BOSTON — The Federal Trade Commission is proposing a new provision to help you keep track of your subscriptions.
Whether it's buying new clothes, trying a new gym, or even trying to change up your diet, chances are there's a subscription for it.
But what happens when you're ready to cancel, but the company isn't making it easy for you?
Well, the FTC is trying to change that, proposing a new provision called "click to cancel."
The proposal would make the cancellation process just as easy as the subscription process. For example, if you signed up for a subscription online, you should also be able to cancel it online.
Under the provision, companies would also be required to provide subscribers with an annual reminder before their subscriptions are automatically renewed and customers are charged.
In addition, any additional modifications or upselling to subscriptions would have to be agreed upon by consumers during the cancellation process before companies can begin pitching any other subscriptions.
According to Consumer World's Edgar Dworsky, the FTC currently has no outlined consequences in place for companies that make it difficult for customers to cancel subscriptions.
"Right now, the FTC has to file individual lawsuits against companies, because they've come out with guidance — if you will — about how these Negative Option Plans are supposed to work," said Dworsky. "If they had a concrete rule, just kind of black and white law of what everybody has to do, they're hoping that will make more companies compliant."
WATCH: Edgar Dworsky's full interview
According to the FTC, Negative Option Marketing, "refers to a category of commercial transactions in which sellers interpret a customer's failure to take an affirmative action, either to reject an offer or cancel an agreement, as assent to be charged for goods or services."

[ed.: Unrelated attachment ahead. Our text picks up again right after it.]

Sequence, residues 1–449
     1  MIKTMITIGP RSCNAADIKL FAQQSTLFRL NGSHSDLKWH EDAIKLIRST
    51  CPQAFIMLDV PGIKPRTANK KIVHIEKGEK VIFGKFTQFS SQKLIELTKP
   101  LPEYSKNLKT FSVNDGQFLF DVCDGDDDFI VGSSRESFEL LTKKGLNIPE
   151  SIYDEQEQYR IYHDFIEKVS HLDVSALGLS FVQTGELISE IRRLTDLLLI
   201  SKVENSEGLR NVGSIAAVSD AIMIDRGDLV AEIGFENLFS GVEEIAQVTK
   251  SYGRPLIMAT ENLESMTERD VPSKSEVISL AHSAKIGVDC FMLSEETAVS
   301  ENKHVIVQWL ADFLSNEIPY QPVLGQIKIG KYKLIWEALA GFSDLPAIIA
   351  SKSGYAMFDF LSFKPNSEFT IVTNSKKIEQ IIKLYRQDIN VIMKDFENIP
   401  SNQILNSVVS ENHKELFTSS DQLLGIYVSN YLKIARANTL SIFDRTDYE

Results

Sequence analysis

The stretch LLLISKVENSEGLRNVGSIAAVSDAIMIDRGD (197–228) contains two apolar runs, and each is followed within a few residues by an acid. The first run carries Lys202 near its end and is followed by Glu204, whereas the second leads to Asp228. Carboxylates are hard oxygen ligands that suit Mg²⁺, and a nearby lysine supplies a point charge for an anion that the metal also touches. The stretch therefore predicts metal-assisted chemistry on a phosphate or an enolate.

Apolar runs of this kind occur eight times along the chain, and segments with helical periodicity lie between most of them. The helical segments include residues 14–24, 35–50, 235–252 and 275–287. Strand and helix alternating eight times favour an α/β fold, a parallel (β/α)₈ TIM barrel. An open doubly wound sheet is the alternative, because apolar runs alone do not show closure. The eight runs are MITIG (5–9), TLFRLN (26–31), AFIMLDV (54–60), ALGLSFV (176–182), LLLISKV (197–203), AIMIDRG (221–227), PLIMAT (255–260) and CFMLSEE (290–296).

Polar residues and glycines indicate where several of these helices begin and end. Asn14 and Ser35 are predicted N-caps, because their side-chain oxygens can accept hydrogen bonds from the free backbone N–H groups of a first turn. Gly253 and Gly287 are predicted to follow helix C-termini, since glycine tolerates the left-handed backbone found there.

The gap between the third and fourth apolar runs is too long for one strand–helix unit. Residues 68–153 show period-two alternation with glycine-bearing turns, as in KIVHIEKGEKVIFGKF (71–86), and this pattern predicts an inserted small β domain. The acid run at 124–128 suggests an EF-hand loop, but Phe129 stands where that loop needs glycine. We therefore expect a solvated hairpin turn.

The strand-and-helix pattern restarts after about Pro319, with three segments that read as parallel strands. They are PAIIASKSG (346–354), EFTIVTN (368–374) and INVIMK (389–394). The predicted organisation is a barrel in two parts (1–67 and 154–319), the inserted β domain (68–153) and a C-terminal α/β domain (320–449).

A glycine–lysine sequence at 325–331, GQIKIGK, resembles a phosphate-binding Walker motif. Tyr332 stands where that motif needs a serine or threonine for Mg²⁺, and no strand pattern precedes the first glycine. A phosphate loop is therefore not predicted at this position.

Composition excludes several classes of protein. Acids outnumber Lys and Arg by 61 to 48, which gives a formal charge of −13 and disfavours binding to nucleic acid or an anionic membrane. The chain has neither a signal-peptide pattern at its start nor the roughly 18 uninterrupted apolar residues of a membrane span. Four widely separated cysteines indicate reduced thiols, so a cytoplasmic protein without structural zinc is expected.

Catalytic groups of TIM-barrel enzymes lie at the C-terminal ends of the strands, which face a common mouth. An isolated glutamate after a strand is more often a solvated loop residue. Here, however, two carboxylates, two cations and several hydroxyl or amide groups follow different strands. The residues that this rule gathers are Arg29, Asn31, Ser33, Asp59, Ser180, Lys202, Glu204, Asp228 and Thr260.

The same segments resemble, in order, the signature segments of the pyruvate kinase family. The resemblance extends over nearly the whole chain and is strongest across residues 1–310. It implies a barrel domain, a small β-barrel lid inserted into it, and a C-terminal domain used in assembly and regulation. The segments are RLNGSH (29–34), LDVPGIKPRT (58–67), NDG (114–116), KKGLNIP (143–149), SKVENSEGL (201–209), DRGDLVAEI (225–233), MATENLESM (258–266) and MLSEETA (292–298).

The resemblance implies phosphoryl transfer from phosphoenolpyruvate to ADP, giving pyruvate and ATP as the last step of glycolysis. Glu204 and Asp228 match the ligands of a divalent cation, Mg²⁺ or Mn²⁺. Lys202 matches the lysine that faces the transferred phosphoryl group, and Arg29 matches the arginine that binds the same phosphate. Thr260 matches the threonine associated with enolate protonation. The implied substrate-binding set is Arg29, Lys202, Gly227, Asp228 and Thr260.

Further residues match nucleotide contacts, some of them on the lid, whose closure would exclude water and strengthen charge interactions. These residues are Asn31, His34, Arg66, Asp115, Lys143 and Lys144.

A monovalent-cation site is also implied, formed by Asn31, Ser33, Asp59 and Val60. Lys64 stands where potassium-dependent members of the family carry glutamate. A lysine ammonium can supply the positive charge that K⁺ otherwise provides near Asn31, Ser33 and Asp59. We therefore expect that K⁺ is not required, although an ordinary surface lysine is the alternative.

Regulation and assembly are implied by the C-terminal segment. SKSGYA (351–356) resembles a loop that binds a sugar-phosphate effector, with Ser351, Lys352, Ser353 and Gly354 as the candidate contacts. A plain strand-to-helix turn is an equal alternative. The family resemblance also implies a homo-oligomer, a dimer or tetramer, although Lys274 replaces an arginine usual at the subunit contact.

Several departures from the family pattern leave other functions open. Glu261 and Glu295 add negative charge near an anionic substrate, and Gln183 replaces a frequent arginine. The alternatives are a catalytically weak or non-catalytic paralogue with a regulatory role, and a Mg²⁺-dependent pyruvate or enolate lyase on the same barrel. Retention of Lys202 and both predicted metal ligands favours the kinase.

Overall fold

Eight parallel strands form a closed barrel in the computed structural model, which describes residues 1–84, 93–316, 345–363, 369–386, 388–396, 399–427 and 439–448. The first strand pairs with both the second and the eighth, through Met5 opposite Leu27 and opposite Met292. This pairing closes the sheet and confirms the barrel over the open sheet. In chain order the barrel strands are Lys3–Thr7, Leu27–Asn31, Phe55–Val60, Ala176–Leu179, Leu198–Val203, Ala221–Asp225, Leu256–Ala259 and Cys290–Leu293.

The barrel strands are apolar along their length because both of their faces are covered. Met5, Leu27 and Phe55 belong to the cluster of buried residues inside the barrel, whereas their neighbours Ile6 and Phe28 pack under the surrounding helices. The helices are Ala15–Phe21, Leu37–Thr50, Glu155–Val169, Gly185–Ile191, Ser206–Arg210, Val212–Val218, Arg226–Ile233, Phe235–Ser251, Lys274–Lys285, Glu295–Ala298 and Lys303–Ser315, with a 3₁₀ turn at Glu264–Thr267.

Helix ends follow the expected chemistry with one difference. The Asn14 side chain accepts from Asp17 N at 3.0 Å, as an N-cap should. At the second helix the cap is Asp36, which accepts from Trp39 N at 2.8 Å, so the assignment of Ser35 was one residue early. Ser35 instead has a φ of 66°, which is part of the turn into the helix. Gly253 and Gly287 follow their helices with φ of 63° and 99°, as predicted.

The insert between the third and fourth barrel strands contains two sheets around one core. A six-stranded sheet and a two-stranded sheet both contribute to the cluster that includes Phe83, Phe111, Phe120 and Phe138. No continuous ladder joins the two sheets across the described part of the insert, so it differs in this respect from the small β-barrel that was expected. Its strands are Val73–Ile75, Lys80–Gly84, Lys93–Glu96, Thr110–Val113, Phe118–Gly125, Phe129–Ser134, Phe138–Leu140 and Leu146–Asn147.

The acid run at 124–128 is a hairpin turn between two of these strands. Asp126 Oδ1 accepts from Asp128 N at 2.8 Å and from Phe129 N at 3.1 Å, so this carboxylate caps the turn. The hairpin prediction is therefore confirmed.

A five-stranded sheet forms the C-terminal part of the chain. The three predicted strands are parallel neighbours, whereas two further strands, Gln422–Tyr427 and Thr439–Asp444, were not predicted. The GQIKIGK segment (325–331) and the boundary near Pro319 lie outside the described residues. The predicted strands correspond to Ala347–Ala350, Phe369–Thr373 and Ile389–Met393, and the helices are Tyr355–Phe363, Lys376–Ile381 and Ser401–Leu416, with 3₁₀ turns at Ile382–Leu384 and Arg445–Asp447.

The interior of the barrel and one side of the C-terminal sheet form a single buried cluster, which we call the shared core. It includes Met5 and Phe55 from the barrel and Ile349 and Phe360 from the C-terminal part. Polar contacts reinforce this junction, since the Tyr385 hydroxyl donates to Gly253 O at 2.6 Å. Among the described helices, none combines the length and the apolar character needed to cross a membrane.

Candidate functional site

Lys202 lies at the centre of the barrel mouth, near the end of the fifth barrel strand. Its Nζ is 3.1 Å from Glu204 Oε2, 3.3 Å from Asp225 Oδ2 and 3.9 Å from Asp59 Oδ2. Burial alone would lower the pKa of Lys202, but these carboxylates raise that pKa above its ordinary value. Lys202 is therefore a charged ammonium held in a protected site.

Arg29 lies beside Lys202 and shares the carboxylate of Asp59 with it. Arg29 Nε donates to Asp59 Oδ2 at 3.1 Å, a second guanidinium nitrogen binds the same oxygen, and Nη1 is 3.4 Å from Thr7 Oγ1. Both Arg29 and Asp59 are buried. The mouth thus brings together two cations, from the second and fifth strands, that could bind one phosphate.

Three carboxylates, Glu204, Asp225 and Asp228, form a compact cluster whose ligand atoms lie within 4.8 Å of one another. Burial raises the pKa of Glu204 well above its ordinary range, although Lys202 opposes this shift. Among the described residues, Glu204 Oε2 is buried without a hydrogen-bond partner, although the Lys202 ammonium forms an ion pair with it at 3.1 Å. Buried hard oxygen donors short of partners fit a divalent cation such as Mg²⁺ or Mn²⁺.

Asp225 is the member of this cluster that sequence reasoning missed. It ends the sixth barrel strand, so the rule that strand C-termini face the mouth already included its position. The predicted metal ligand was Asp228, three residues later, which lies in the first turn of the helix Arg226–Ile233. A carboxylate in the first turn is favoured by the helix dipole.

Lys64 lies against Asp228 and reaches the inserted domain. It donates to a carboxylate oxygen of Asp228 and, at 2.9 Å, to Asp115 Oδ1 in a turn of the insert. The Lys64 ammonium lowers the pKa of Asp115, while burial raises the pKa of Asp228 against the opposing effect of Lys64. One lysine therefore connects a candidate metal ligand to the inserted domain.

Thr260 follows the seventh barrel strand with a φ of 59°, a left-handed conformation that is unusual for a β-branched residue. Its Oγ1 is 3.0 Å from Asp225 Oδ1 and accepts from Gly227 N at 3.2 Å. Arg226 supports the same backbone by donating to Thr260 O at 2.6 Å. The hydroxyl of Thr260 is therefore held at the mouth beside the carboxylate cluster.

The changes the agency is proposing would impact the Negative Option Rule, which was put into place in 1973.
Dworsky said the proposed changes would also require companies to be more clear and upfront about terms, in their advertising. That would mean no more hiding details in the fine print.
"What you can expect is opposition from companies," he said. "Companies are not going to like this. They have perfected how to get you into their system and get monthly payments from you. They haven't quite perfected, or maybe they have, how to keep you as a customer. So, what's really going to happen is these companies are going to come out of the woodwork - complain, complain, complain, to the FTC to try to water down the rules."
When asked about how consumers can get involved in the process, the FTC said they had already held one public comment period, but putting these changes into place is a lengthy process.
They do expect that there will be another opportunity for consumers to voice their opinions before any of these changes are finalized.
According to Dworsky, it's good to get in the habit of taking a deep dive into your credit card statement at least once a year to actually see what charges are recurring every month and if you still need them.
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